3:14 Soldiers also [kai strateuomenoi]. Men on service, militantes rather than milites (Plummer). So Paul in 2Ti 2:4. An old word like [stratiōtēs], soldier. Some of these soldiers acted as police to help the publicans. But they were often rough and cruel. Do violence to no man [mēdena diaseisēte]. Here only in the N.T., but in the LXX and common in ancient Greek. It means to shake (seismic disturbance, earthquake) thoroughly [dia] and so thoroughly to terrify, to extort money or property by intimidating (3Macc. 7:21). The Latin employs concutere, so. It was a process of blackmail to which Socrates refers (Xenophon, Memorabilia, ii. 9,1). This was a constant temptation to soldiers. Might does not make right with Jesus. Neither exact anything wrongfully [mēde sukophantēsēte]. In Athens those whose business it was to inform against any one whom they might find exporting figs out of Attica were called fig-showers or sycophants [sukophantai]. From [sukon], fig, and [phainō], show. Some modern scholars reject this explanation since no actual examples of the word meaning merely a fig-shower have been found. But without this view it is all conjectural. From the time of Aristophanes on it was used for any malignant informer or calumniator. These soldiers were tempted to obtain money by informing against the rich, blackmail again. So the word comes to mean to accuse falsely. The sycophants came to be a regular class of informers or slanderers in Athens. Socrates is quoted by Xenophon as actually advising Crito to employ one in self-defence, like the modern way of using one gunman against another. Demosthenes pictures a sycophant as one who “glides about the market like a scorpion, with his venomous sting all ready, spying out whom he may surprise with misfortune and ruin and from whom he can most easily extort money, by threatening him with an action dangerous in its consequences” (quoted by Vincent). The word occurs only in Luke in the N.T., here and in Lu 19:8 in the confession of Zaccheus. It occurs in the LXX and often in the old Greek. Be content with your wages [arkeisthe tois opsōniois humōn]. Discontent with wages was a complaint of mercenary soldiers. This word for wages was originally anything cooked [opson], cooked food), and bought (from [ōneomai], to buy). Hence, “rations,” “pay,” wages. [Opsarion], diminutive of [opson], was anything eaten with bread like broiled fish. So [opsōnion] comes to mean whatever is bought to be eaten with bread and then a soldier’s pay or allowance (Polybius, and other late Greek writers) as in 1Co 9:7. Paul uses the singular of a preacher’s pay (2Co 11:8) and the plural of the wages of sin (Ro 6:23) = death (death is the diet of sin).
3:15 Were in expectation [prosdokōntos]. Genitive absolute of this striking verb already seen in 1:21. Reasoned [dialogizomenōn]. Genitive absolute again. John’s preaching about the Messiah and the kingdom of God stirred the people deeply and set them to wondering. Whether haply he were the Christ [mēpote autos eiē ho Christos]. Optative [eiē] in indirect question changed from the indicative in the direct (Robertson, Grammar, p. 1031). John wrought no miracles and was not in David’s line and yet he moved people so mightily that they began to suspect that he himself [autos] was the Messiah. The Sanhedrin will one day send a formal committee to ask him this direct question (Joh 1:19).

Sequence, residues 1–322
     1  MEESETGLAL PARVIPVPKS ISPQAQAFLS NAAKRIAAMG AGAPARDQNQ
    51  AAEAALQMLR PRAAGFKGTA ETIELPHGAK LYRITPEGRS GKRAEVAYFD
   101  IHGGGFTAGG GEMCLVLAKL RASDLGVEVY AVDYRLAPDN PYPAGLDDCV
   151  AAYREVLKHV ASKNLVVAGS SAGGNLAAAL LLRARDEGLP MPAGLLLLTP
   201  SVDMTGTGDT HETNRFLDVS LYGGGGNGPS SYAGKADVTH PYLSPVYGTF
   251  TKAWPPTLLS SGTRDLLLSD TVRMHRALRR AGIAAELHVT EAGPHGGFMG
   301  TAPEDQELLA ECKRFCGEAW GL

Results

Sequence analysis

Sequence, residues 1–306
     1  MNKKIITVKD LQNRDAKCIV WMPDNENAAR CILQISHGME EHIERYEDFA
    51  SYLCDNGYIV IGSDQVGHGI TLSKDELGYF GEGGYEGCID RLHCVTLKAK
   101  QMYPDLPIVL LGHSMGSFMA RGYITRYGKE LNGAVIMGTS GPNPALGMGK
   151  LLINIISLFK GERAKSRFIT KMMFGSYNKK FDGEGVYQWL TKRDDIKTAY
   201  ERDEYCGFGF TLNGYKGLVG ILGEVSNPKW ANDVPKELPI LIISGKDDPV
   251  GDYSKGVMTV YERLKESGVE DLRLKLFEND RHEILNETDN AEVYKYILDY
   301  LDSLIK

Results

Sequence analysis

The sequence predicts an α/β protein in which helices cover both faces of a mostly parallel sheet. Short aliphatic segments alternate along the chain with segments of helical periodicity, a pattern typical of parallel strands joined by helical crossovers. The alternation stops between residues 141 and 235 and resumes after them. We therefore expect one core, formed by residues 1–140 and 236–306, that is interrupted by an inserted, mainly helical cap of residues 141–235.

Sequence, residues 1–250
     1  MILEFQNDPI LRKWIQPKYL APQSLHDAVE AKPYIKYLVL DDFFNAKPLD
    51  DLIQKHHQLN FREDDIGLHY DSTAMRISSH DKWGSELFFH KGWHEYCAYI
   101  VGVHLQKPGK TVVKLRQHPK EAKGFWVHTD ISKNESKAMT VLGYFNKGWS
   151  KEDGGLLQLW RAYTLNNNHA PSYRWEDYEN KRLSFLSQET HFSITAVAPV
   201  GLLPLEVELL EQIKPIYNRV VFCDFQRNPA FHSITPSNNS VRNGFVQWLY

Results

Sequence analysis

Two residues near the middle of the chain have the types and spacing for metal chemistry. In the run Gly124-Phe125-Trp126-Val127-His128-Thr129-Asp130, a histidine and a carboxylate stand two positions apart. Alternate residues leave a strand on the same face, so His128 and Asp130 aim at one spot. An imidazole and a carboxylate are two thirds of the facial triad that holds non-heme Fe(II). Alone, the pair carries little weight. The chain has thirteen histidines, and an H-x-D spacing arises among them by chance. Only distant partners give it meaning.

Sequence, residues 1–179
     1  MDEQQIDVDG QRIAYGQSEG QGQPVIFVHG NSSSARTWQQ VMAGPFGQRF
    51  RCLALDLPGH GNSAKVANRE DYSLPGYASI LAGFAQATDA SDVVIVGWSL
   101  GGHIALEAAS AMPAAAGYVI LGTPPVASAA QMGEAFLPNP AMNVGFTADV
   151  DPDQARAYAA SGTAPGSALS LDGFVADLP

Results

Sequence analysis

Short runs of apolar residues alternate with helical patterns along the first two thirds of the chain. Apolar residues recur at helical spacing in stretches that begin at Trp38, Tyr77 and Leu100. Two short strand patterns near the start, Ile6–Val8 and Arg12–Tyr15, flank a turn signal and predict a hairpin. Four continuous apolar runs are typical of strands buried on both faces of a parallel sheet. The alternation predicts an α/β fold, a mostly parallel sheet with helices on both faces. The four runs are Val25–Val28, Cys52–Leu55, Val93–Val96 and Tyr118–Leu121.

3:16 He that is mightier than I [ho ischuroteros mou]. Like Mr 1:7, “the one mightier than I.” Ablative case [mou] of comparison. John would not turn aside for the flattery of the crowd. He was able to take his own measure in comparison with the Messiah and was loyal to him (see my John the Loyal). Compare Lu 3:16 with Mr 1:7f. and Mt 3:11f. for discussion of details. Luke has “fire” here after “baptize with the Holy Ghost” as Mt 3:11, which see. This bold Messianic picture in the Synoptic Gospels shows that John saw the Messiah’s coming as a judgment upon the world like fire and the fan of the thrashing-floor, and with unquenchable fire for the chaff (Lu 3:17; Mt 3:12). But he had the spiritual conception also, the baptism in the Holy Spirit which will characterize the Messiah’s Mission and so will far transcend the water baptism which marked the ministry of John.
3:18 Many other exhortations [polla men oun kai hetera]. Literally, many and different things did John [evangelize], [euaggelizeto], to the people. Luke has given a bare sample of the wonderful messages of the Baptist. Few as his words preserved are they give a definite and powerful conception of his preaching.
3:19 Reproved [elegchomenos]. Present passive participle of [elegchō], an old verb meaning in Homer to treat with contempt, then to convict (Mt 18:15), to expose (Eph 5:11), to reprove as here. The substantive [elegchos] means proof (Heb 11:1) and [elegmos], censure (2Ti 3:16). Josephus (Ant.XVIII. V.4) shows how repulsive this marriage was to Jewish feeling. Evil things [ponērōn]. Incorporated into the relative sentence. The word is from [ponos, poneō], toil, work, and gives the active side of evil, possibly with the notion of work itself as evil or at least an annoyance. The “evil eye” [ophthalmos ponēros] in Mr 7:22) was a “mischief working eye” (Vincent). In Mt 6:23 it is a diseased eye. So Satan is “the evil one” (Mt 5:37; 6:13, etc.). It is a very common adjective in the N.T. as in the older Greek. Had done [epoiēsen]. Aorist active indicative, not past perfect, merely a summary constative aorist, he did.
3:20 Added [prosethēken]. First aorist active indicative (kappa aorist). Common verb [prostithēmi] in all Greek. In N.T. chiefly in Luke and Acts. Hippocrates used it of applying wet sponges to the head and Galen of applying a decoction of acorns. There is no evidence that Luke has a medical turn to the word here. The absence of the conjunction [hoti] (that) before the next verb [katekleisen] (shut up) is asyndeton. This verb literally means shut down, possibly with a reference to closing down the door of the dungeon, though it makes sense as a perfective use of the preposition, like our “shut up” without a strict regard to the idea of “down.” It is an old and common verb, though here and Ac 26:10 only in the N.T. See Mt 14:3 for further statement about the prison.